Writing, for all of us, is a struggle. So, it’s necessary, sometimes, to reconsider how you go about this complex activity.
Many of the rules that you needed when you first began to write – and which may have been drilled into you by your first English teachers – were designed to help you avoid the problems inexperienced writers have. But those rules may actually hinder you now, as you try to write like a professional in your field.
Before you follow any “rule,” ask yourself why? What will the rule achieve? If you can’t think of an answer and you want to break the rule, go ahead. Ignore it; modify it!
Old Way of Thinking: Your Essay has 3 main arguments/points!
University Way of Thinking: You can have as many arguments as you need!
Instead of rules, think in terms of 3 principles when writing:
- Purpose: What are you trying to do in this paragraph, in this essay? (You may have more than one purpose.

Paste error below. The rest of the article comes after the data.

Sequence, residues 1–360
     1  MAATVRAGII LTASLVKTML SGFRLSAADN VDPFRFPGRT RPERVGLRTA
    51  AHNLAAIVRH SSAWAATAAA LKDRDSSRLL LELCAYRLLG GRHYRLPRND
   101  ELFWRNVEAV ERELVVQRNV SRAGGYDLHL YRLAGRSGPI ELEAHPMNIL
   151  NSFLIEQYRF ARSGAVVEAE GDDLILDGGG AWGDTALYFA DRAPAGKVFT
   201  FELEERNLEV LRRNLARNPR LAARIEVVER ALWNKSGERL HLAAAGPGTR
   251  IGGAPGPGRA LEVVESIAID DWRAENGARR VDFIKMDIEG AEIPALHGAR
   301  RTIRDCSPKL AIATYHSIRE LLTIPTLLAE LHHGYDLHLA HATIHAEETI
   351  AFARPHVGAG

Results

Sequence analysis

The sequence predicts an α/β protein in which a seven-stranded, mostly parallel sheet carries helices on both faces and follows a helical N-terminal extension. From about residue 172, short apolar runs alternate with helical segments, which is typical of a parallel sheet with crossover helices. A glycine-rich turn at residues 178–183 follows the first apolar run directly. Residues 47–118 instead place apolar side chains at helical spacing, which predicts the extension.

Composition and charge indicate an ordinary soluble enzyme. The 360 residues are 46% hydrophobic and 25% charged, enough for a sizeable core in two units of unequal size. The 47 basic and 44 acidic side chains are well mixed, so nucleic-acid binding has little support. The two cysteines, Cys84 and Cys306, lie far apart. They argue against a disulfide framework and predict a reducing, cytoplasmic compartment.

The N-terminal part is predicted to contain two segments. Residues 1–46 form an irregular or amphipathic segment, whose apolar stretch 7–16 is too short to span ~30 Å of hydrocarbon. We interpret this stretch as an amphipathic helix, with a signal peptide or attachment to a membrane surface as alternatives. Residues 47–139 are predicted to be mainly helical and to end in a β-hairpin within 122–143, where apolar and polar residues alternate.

- Audience: Who will read your essay, your report, your memo? Why did the professor set this assignment? What is he or she looking for? (If you are writing outside the university – How will your reader use what you have written? What does your reader already know about the topic?
- Group Conventions: Not every essay is an English essay. You may be writing an essay or a report in Fashion, Architecture, or Social Work. What will readers in your profession expect? How do social workers or business managers write when they are writing for each other?
You are encouraged to be a critical thinker and to analyze your topic.